The practice of ‘greening’ buildings refers to the design of commercial and civil infrastructure with environmental considerations in mind. As the world becomes increasingly aware of the need to adapt to climate change, so too have the parties involved in the commercial property industry in South Africa.
Measures to mitigate building impact on the environment include energy-efficient power systems, the harvesting and reduction of water/electricity consumption (which, in turn, contribute to lowered greenhouse gas emissions), recycling, and the promotion of human-powered transport (cycling or walking). Aside from the substantially lowered utility costs, enterprises benefit from heightened staff productivity, loyalty and morale; while developers of green buildings can look forward to attracting socially responsible investors seeking higher returns. A recent McGraw and Hills World Green Building Trend survey found 51% of South African businesses (especially in the financial sector) expect to be based in green commercial spaces by 2015. In addition, the Green Building Council of South Africa, since its launch several years ago of green property evaluations, has already seen more than 50 Green Star certifications, with the number of buildings applying, rising at an accelerating rate.
Cape Town CBD Sustainability Initiatives
The past two years in Cape Town have seen prominent refurbishments and new developments. The Portside and The Towers in the CBD now feature the latest in integrated green design; while the Black River Park complex in Observatory has transformed its energy generating capacity covering its rooftops with solar photovoltaic panels, making it largely independent of the City grid.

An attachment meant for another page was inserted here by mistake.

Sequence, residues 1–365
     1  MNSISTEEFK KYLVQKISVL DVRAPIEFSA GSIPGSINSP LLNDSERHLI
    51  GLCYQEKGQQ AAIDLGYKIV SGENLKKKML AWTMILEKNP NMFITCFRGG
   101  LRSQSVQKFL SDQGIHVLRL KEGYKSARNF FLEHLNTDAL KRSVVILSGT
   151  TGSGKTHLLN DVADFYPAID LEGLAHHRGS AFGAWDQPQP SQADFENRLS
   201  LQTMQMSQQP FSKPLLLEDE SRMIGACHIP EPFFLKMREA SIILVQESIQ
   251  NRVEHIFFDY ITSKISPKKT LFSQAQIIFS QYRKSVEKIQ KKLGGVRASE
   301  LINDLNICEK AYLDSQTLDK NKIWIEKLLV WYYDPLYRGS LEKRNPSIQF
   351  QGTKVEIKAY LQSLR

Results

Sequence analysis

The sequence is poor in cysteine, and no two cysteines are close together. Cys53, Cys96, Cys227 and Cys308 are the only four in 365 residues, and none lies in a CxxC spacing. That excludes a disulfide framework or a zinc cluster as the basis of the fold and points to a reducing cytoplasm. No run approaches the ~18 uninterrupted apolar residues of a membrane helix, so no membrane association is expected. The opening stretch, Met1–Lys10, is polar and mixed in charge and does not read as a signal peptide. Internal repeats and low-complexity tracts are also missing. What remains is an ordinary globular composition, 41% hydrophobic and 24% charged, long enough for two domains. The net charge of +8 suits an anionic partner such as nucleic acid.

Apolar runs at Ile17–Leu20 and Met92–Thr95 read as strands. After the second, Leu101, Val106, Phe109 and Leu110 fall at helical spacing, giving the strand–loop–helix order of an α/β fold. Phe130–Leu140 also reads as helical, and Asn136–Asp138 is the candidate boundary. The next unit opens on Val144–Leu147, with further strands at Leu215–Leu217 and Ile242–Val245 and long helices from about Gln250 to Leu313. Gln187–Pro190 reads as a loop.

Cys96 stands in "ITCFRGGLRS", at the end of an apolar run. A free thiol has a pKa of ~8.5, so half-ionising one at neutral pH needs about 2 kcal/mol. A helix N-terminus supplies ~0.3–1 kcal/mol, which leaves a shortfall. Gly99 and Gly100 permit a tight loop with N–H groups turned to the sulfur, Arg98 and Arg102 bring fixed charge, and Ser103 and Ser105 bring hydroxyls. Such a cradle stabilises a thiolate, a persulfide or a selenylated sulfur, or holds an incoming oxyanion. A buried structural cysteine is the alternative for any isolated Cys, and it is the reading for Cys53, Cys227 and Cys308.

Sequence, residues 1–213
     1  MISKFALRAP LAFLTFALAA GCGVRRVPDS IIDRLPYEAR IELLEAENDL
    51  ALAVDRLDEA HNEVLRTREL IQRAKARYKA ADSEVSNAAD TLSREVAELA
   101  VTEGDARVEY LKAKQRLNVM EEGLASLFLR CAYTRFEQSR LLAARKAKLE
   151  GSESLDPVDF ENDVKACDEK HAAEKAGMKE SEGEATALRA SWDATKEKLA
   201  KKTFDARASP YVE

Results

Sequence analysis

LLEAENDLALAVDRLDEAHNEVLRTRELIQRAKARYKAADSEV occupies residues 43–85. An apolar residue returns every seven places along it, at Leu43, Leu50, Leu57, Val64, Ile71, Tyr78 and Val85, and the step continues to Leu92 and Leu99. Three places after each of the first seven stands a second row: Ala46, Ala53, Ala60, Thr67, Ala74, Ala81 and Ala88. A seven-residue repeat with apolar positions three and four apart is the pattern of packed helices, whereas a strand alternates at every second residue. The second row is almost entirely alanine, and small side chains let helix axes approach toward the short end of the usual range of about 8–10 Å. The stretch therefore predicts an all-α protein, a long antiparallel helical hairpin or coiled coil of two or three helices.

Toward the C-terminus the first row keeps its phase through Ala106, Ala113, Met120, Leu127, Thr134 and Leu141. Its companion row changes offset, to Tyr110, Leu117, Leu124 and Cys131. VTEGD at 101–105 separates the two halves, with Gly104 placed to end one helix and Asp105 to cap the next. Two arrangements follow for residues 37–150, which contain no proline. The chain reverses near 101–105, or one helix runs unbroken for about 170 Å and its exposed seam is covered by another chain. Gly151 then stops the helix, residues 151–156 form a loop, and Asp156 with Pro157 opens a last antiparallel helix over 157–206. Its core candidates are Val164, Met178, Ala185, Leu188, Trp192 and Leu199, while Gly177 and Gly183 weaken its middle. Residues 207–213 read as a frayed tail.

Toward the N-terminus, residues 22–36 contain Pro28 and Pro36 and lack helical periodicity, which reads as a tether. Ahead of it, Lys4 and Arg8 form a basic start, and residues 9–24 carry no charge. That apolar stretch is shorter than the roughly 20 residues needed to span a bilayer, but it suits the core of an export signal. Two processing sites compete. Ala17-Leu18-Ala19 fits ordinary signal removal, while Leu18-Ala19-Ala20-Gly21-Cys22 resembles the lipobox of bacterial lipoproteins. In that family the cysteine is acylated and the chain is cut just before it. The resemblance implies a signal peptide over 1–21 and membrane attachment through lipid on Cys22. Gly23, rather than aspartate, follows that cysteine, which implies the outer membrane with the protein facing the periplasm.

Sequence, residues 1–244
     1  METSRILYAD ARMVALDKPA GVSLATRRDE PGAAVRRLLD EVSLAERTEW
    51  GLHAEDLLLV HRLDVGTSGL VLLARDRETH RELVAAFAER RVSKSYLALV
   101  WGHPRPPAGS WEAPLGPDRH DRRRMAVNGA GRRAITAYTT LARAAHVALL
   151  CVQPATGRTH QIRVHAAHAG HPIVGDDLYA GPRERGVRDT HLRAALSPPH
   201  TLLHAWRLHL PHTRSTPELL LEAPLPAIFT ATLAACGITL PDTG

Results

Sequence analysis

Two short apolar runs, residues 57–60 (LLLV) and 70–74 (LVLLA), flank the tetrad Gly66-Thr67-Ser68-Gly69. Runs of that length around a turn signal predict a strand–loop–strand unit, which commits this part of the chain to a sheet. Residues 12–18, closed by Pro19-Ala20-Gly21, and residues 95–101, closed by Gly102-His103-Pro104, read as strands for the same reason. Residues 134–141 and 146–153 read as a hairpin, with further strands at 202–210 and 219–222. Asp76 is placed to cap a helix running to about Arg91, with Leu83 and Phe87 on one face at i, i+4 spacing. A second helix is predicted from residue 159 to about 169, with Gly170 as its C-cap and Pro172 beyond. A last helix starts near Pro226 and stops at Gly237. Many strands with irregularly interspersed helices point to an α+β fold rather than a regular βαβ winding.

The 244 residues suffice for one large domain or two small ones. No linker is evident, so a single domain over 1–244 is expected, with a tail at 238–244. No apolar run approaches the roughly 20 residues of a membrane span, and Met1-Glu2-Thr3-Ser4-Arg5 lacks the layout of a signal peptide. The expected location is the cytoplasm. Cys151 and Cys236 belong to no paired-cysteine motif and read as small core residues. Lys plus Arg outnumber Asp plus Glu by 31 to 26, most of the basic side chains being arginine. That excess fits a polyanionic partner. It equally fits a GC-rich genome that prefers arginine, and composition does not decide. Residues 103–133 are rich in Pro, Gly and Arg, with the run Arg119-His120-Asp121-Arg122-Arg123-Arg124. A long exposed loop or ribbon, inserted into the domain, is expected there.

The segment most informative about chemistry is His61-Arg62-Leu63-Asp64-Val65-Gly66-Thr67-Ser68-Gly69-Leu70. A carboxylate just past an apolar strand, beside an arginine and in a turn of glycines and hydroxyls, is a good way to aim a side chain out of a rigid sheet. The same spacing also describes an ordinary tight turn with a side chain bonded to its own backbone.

The V&A Waterfront last year also introduced environmentally friendly initiatives, not least of which are waste recycling and power efficiency. Numerous decorations have been awarded to the business attraction over the past two years, most notable of which are the Heritage Gold Environmental certification (recognising The Waterfront as a pan-Africa leader in eco-friendly tourism and commercial enterprise) and the recent six-star Green Star rating of the No.1 Silo office block, making the building only the second in the country to achieve the maximum recognition given by the Green Building Council of South Africa.
It is thus evident that the movement towards environmentally conscious property ownership is not a temporary phenomenon.
With the country among the most intensive emitters of carbon dioxide in the world due to its reliance on coal and mining, South Africa’s stated intention, announced in 2009, is to “reduce greenhouse gas emissions by 34% by 2020.” In May last year, the National Treasury released its carbon tax policy paper outlining the implementation of a carbon-pricing mechanism, applicable to all major commercial facilities. By pricing carbon emissions, the plan is to effect desirable producer and consumer behaviour change and thus address climate change.